Why Enterprise Social Networks are all too often a channel for the sake of a channel

This week, we’re looking into a report by Simply Communicate on Enterprise Social Networks and what it means for IC professionals.

A few months ago, Simply Communicate published their Social intranet Barometer, a comprehensive piece of research into the use of Enterprise Social Networks (ESNs), such as Sharepoint, Yammer and Jive, in the workplace. The report utilises data collected over a period of seven months from 72 organisations, and offers some interesting, and sometimes surprising insight into who uses ESNs, which platforms they use, and how and why they use them. It also highlights the difficulties faced by organisations, some of which are presented in this article.

Little preliminary research

One of the more surprising findings of this report is the lack of evaluation work undertaken by organisations before introducing an ESN.

Only a quarter of respondents surveyed staff to find out what they wanted from an ESN prior to the introduction of such a platform. According to this 25%, employees hope primarily for increased opportunities for collaboration and for their day-to-day work to be made easier. The objectives differ from those typically agreed upon by the board of the organisation, who approves the introduction and the maintenance of the ESN. Objectives agreed upon by the board usually revolve around improved knowledge sharing, increased engagement, better communication and shared best practice.

It is disappointing that more companies do not give their employees a voice when it comes to introducing new IC channels. After all, it is employees who are the target audience, and it is they who will make or break an initiative. Even more disappointing is the fact that employees are not often consulted after the ESN has been implemented either. What results is an overall misunderstanding of the platform and its benefits for any party. This is echoed by our own State of the Sector 2016 research report. We surveyed 372 communicators in 300 different organisations about their IC practices and, incredibly, only half of these said the employees in their organisation understood the purpose of their ESN. While this could be down to misleading communications around the platform, two in five admitted that the purpose of their ESN was not actually clear.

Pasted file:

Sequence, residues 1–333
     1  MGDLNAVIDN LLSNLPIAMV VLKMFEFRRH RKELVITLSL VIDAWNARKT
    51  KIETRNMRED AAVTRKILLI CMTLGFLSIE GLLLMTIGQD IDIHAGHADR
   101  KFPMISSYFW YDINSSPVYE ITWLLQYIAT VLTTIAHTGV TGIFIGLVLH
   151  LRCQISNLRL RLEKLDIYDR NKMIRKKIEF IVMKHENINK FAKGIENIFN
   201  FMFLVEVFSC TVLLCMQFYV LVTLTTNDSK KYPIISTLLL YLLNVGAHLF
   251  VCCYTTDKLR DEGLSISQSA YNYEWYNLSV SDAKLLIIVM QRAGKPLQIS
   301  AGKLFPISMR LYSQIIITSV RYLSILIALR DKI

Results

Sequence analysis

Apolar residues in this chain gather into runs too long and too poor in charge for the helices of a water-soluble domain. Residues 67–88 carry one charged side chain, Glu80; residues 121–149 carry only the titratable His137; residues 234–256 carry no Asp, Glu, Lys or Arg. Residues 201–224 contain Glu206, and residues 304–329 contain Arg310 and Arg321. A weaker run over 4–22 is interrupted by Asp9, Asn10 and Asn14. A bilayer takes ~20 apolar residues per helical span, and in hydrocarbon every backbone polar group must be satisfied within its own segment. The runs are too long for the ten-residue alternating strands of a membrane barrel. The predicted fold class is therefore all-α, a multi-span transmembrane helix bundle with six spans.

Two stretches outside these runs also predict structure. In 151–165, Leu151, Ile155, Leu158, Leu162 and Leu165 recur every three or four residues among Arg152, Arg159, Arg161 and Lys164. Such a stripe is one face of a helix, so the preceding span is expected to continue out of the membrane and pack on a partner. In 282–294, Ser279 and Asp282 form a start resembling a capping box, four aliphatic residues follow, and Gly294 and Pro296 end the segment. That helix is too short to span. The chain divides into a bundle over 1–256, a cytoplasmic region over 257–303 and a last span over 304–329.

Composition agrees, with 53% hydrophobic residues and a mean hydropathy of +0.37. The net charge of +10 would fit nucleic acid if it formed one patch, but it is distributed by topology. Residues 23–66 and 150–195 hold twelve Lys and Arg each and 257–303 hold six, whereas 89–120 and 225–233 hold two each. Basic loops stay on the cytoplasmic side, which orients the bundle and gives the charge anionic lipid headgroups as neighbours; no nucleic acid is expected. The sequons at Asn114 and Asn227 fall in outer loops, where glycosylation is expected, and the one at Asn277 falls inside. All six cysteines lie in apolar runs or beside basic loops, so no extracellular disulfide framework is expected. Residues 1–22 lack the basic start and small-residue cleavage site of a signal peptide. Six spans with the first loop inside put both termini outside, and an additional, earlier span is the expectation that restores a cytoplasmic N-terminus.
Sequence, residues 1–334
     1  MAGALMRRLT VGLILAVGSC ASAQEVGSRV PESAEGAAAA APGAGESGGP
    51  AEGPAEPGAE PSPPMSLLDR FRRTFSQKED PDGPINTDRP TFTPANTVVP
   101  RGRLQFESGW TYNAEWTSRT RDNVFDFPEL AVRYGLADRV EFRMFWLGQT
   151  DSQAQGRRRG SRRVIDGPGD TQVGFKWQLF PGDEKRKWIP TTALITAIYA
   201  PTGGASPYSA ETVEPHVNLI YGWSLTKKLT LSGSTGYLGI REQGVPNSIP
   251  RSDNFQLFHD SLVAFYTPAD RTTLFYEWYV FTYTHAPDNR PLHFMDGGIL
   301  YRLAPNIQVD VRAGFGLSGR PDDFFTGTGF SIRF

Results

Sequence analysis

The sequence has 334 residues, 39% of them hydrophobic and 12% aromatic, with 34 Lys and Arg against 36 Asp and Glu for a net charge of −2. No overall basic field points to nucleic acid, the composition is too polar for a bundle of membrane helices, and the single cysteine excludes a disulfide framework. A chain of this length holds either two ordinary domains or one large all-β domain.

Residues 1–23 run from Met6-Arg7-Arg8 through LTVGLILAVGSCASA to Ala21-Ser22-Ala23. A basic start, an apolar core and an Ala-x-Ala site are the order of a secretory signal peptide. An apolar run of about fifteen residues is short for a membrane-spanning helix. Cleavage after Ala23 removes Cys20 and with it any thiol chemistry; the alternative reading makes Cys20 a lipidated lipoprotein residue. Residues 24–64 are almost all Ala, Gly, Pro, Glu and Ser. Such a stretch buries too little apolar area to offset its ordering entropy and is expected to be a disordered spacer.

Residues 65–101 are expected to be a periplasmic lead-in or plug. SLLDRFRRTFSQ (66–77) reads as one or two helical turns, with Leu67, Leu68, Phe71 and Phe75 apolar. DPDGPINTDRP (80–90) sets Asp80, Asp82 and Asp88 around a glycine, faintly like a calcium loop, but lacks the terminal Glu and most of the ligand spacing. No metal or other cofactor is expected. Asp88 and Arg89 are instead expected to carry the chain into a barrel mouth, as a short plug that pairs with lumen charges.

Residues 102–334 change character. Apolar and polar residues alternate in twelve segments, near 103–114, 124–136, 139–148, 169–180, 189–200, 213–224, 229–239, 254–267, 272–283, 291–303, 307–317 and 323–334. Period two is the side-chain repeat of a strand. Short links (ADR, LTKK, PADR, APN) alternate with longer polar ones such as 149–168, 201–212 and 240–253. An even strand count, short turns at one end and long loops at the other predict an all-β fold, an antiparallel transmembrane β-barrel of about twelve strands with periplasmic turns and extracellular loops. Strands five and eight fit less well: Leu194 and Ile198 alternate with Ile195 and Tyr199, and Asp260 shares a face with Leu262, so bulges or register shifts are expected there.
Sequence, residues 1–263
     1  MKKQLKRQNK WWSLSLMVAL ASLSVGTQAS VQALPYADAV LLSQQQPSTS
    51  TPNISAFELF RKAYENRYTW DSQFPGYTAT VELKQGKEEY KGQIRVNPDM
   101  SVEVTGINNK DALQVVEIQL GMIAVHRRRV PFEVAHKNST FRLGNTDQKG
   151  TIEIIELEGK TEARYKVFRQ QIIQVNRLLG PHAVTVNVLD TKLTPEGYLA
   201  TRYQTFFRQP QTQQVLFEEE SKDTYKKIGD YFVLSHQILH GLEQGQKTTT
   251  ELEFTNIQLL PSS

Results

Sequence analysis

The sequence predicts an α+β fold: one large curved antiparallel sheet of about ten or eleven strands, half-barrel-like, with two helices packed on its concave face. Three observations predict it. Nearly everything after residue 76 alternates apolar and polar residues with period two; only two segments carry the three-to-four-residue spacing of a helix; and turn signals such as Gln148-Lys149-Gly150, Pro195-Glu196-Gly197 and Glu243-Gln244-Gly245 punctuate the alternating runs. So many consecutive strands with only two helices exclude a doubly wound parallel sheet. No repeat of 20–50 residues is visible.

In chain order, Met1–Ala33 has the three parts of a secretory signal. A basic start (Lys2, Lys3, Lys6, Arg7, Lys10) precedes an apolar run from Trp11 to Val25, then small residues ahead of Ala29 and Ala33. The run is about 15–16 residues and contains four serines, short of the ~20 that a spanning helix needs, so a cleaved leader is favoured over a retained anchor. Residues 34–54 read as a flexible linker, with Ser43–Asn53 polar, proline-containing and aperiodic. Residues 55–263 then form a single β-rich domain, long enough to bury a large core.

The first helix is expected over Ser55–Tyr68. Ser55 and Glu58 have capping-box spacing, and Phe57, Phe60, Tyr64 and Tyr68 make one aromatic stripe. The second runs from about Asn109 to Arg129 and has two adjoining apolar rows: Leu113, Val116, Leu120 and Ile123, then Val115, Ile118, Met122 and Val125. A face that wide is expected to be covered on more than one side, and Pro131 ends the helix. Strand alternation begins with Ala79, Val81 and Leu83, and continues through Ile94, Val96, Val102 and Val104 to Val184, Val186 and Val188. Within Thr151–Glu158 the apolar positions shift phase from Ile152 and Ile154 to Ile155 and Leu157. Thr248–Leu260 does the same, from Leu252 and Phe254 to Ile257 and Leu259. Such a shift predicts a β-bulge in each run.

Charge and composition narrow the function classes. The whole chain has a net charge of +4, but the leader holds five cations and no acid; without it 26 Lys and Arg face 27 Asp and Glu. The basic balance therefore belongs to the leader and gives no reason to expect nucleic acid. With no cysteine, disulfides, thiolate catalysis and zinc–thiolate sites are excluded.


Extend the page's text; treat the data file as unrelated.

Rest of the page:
Limited employee involvement

Only 10% of enterprises surveyed involve staff in developing policies for platform use, with a further quarter involving staff in “some” policies. This means under half of companies involve staff in developing a framework for the use of ESNs. Yet those organisations that do involve their staff in policy-making report better-than-average adoption rates.

Low adoption rates are a problem that blight many an organisation, and many an IC team as they struggle to justify spending money and time promoting the ESN internally to no or little avail. Our own State of the Sector report showed that just over a quarter of IC professionals consider the ESN in their organisation have high levels of adoption across the organisation – while two in five say their ESN is used well only in “some pockets”. Senior management are understandably sceptical as to the value of investing in these kinds of platforms, given the low adoption rates, but because of this, IC teams often lack the resources they need to manage the platforms properly. Case in point: despite employee engagement being a key objective for many organisations, under half do anything to reward contributors to the ESN. The most popular method to reward active users is competition, but even this is used by only a quarter of respondents.